Tasmania is a declared fruit fly free area within Australia and this enables export to a wide variety of countries without disinfestations or cold sterilization treatments. Due to Tasmania’s island nature it is also free of many other pests and diseases found on the mainland. Tasmania currently does not have access to mainland China and South Korea for cherries.

Tasmanian growers are focused on export and are able to organize both sea and air freight. Reliable daily domestic sea freight routes are available to move fruit to Melbourne and link fruit with major sea and air routes throughout the world.       Major export markets for cherries include Taiwan, Hong Kong, Japan, USA, Europe, India, USA, Singapore, Malaysia and Middle East. In recent years cherries have been sea-freighted to Taiwan, USA and Hong Kong whilst daily air freight is available to most destinations.

Most Tasmanian growers and packhouses are accredited to 3rd party audited internationally recognised quality assurance systems such as SQF 2000, HACCP and Globalgap, or nationally recognised systems such as Freshcare or WQA (Woolworths Quality Assurance). Fruit is typically packed in 2kg and 5kg cartons although various packhouses will pack punnets and other pre-packs to order.         Strong emphasis is put on cold chain management through the supply chain to ensure maximum shelf life for fruit. Most growers have on site hydrocoolers and transport fruit between orchard and packhouse in refrigerated vehicles. Modern pack houses have excellent facilities and controlled atmospheres throughout the packing facility.

The Tasmanian cherry industry continues to invest significant amounts on new plantings and infrastructure to ensure that only premium fruit is presented into premium export markets to be enjoyed by cherry lovers all over the world.  

 

 


Pears in Tasmania

All pears harvested for commercial handling are harvested in a immature state.  This is important when buying pears, especially early in the season (say March to June) that they are given the correct amount of time to ripen, but at room temperature.  It is not necessary for pears to change colour to appear ready to eat, it is important that their flesh softens and develops its juices.Pears in cool storage improve in eating quality very slowly and a different rates depending on the variety.  This process continues up to a point when they will breakdown.  ie - their quality line on a graph falls off a cliff after a long gradual climb, somewhat similar to wine.This is why varieties such as Josephine’s and especially the Gluo Morcequ should not be released to the market until the later parts of the marketing season.Varieties like Packhams and Buerre Bosc are somewhat more flexible and are generally marketed throughout the selling season. 

Pear Varieties

PACKHAM TRIUMPH:         
The most widely grown pear in Australia, the Packham is a good all purpose pear.  Handles well on the shelf and in the coolstore.  Contrary to popular opinion the consumers need not wait for them to change colour (green-yellow), but a change in pressure is recommended.

DOYENNE DU COMICE:     
The “Rolls Royce” of dessert pears.  It is characteristically large, with a very smooth delicate green skin.  Its appearance is enhanced by an attractive red blush.  Because of its delicate skin it is very susceptible to handling damage, hence requires special care at all stages of production and marketing.  The finely textured flesh and high juice content make it a real delicacy.  To fully appreciate comice they must be ripened at room temperature to a stage where the flesh yields slightly to finger pressure.  Recommended pealing to eat.This early variety is available soon after harvest in Mar/April, through to June.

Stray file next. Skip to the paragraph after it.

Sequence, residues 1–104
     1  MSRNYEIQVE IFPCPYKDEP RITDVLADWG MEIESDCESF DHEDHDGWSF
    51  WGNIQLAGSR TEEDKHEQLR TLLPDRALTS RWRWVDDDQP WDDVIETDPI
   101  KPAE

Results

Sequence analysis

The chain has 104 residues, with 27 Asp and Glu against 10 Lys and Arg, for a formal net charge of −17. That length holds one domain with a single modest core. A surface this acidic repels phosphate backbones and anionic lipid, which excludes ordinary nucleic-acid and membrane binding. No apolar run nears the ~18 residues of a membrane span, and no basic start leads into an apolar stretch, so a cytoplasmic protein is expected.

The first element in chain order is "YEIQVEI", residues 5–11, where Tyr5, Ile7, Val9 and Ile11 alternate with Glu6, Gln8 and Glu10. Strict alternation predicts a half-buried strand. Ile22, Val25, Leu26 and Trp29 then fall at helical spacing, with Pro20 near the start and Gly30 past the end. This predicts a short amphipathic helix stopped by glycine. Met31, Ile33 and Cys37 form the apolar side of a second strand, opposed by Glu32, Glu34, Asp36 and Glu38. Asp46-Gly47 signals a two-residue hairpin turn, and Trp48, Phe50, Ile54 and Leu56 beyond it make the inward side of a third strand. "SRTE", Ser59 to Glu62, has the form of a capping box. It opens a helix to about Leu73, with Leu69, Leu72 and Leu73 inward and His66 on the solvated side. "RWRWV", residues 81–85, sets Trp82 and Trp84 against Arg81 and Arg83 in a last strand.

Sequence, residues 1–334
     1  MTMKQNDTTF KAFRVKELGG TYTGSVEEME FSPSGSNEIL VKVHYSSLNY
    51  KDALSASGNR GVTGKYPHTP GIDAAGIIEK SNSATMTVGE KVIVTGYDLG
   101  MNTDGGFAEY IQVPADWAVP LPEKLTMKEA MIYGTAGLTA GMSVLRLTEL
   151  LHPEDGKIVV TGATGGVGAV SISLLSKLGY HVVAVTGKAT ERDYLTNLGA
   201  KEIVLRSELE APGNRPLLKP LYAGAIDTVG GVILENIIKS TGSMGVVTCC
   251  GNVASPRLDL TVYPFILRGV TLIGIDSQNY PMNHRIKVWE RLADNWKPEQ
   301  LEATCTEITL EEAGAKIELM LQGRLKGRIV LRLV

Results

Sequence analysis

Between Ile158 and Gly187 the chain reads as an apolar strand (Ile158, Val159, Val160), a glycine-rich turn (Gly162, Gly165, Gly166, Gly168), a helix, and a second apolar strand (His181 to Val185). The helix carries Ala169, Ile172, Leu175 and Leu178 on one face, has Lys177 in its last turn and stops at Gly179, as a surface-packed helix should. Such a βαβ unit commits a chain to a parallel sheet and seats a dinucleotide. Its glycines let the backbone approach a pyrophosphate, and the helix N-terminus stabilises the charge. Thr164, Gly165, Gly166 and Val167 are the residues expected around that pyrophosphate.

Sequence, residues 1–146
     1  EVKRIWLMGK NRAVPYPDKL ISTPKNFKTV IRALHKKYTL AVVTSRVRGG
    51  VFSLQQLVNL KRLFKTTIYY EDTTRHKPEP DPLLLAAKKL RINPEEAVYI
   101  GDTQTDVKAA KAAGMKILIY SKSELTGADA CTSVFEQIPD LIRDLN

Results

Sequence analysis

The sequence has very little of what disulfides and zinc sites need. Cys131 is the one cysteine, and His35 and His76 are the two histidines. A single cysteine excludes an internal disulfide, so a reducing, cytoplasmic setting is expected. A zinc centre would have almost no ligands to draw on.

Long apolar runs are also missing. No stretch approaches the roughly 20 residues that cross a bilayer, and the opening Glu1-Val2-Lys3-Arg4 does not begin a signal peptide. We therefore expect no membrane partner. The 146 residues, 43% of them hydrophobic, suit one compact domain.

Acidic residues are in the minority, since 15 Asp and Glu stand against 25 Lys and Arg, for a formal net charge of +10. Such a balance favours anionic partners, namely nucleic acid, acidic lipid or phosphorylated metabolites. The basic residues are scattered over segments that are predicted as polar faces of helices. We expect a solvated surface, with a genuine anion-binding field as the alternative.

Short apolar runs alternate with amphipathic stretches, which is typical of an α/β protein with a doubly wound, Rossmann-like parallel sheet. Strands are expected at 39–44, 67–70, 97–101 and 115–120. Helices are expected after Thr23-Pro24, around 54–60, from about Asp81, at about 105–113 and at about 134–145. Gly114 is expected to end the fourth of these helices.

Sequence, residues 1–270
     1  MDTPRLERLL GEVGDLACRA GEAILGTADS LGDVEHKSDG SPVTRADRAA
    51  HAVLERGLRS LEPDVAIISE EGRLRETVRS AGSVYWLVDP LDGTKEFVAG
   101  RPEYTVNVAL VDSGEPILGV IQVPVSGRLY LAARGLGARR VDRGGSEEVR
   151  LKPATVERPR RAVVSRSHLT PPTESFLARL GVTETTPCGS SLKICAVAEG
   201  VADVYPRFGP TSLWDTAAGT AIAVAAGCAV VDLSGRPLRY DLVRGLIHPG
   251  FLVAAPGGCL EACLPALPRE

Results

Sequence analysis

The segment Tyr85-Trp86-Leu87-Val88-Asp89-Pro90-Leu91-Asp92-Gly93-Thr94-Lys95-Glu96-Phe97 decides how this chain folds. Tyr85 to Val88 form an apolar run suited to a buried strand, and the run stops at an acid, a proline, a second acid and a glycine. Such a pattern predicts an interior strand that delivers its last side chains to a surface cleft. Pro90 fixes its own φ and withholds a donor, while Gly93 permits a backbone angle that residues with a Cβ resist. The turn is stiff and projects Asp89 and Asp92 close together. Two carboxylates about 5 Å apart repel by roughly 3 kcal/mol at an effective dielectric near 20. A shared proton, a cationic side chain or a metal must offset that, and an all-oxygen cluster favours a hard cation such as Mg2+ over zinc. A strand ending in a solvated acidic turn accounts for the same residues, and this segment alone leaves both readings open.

BUERRE BOSC:                       
Regarded by a leading Australian fruit exporter as the “best in the world”, Tasmanian Bure Bosc exhibit excellent uniform brown pigmentation.  This elongated pear is average to large in size, stores well and is very durable during handling.  Can be eaten raw or is commonly used for poaching recipes.  It is available from early May to October.

JOSEPHINE:       
One of the more difficult varieties to produce, this pear is characteristically small, with smooth green skin, a rounded shape and sweet juicy flesh.  Because of its delicate skin it is prone to handling marks.  It stores well and is at its best late in the season – July to September.

WINTER COLE:
This variety favours the cool climate of Tasmania where it is a prolific bearer.  Not to be confused with its “poorer cousin Winter Nails”.  They are very popular in Tasmania and outsell better-known varieties.  Handles well, best eaten when flesh pressures drops.  It is a mid season pear of average size with a heavily gusseted brown/green skin.  It is well rounded and has high juice content if eaten at optimum maturity.  Availably May to August.

GLOU MORCEAU:      
A rare variety little known on Australian fruit markets.  It is the last pear to be harvested, and coolstore extremely well.  Handles well during all stages of production and marketing.   Glous have a unique taste which if eaten late in the year is very special.  Characterised by a clean green skin it has a similar shape to the Packham’s Triumph.  Available August to November.

Information on pears in Tasmania provided courtesy of Scott Hansen, OE Hansen & Son Orchardists,

Parsons Bay Road, Nubeena, TasmaniaTelephone - 03 6250 2550;  Fax 6250 2438.
O.E. Hansen & Son is a fourth generation orcharding business, which specialises in the production of pears. 

"We pride ourselves on our quality and extended selection of varieties." Scott Hansen


Packham Pear

Season:
March to December

 


Packham Pear

An australian development by Charles Henry Packham. A slow ripening green pear with white and juicy flesh. Sweet and delicous flavour. They have an excellent reputation for quality particularly in Asia.

 
Photographs have been supplied
by Apple & Pear Australia Ltd and Horticulture Australia Ltd
Australian Apple and Pear Growers Association


APRICOTS

Text to come...

OTHER STONE FRUITS

text to come....